After much study, Congress drew up the Ordinance of 1785 for the survey and sale of such land as might be given to its care. The details of this important arrangement in the story of the American people illustrate the advantages arising from instituting new governments at a stroke. The rectangular system of land surveys, like the decimal system of money, was devised and not inherited. Each has proved a blessing in its simplicity. The divisions of the land upon an even-number basis, the progressive numbering of the divisions, the elasticity of the system, and the subdivisions arranged to accommodate small purchasers, have conduced by their simplicity and adaptability to speedy disposition and settlement of the national domain and have minimised later litigation and discord. Since the history of the American people has been influenced so extensively and persistently by the disposal and peopling of the public lands, the simple survey system may be counted among the valuable parts of the national machinery.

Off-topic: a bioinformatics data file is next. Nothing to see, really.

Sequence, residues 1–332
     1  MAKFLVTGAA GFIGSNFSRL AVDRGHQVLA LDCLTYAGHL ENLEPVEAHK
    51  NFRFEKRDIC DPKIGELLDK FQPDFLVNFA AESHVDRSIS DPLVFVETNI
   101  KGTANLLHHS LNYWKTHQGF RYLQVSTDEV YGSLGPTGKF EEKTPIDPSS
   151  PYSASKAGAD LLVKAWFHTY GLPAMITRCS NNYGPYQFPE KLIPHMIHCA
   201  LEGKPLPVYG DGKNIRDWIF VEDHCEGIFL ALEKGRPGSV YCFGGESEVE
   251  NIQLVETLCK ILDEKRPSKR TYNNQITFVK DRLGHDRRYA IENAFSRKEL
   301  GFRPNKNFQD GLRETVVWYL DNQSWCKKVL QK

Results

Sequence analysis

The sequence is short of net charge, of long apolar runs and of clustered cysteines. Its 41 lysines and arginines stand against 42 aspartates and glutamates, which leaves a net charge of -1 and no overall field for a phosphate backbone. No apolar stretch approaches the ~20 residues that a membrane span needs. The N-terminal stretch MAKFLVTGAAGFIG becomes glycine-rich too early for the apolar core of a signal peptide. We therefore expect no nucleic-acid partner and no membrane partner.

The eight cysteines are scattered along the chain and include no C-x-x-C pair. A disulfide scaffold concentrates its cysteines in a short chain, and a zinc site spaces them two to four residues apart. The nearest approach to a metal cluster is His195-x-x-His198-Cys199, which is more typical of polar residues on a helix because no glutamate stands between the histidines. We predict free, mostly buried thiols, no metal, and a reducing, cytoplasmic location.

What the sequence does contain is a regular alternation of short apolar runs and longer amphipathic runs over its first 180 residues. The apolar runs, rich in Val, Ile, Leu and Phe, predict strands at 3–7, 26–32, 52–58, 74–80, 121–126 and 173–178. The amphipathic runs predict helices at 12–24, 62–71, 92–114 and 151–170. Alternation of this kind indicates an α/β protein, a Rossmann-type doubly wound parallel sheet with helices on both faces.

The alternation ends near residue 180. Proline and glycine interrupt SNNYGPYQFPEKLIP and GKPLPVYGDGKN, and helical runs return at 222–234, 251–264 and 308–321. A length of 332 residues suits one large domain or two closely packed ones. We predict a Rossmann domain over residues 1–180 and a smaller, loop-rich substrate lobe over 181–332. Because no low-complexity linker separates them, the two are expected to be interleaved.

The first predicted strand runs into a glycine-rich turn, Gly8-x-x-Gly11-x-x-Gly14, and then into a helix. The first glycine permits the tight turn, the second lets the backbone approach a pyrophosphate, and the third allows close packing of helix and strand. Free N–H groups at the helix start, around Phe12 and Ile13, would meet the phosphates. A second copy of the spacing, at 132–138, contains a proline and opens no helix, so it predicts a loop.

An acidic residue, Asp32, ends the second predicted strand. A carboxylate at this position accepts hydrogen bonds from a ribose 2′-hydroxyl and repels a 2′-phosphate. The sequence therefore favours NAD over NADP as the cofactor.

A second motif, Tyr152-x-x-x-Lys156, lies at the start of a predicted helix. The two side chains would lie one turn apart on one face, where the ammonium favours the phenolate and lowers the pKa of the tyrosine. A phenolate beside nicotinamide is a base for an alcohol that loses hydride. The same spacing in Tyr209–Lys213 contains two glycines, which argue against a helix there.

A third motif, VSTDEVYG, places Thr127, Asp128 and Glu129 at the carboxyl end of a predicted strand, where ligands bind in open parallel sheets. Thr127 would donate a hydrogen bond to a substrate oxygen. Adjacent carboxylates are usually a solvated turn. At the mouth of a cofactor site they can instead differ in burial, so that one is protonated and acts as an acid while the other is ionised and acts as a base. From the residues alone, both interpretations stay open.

Surveys were to be made by the "geographer" of the United States, assisted by a surveyor from each of the States. One-seventh of all lands surveyed was to be reserved for the land bounties promised to those who had served in the Continental army. An old handbill, frequently reproduced, shows that among the inducements to enlistment held out during the darkest period of the war were "Ease, affluence, and a good farm." The certificates issued to the soldiers at the close of the war in lieu of money were made receivable in payment for public land. A share in all gold, silver, lead, and copper mines was retained by the National Government. Lot number sixteen in every township was reserved for the maintenance of public schools. A provision for setting aside the section adjoining it for the support of religion was struck out, nor could a motion prevail to preserve it for "charitable uses." The votes on this question seemed to be governed purely by individual opinion. The delegates from Virginia, whose Legislature had just dealt the Established Church in that State its death-blow, voted to retain the reservation of land for religious purposes, much like the old church glebe lands. But the separation of Church and State had become too complete to enter upon a scheme so suggestive of establishment.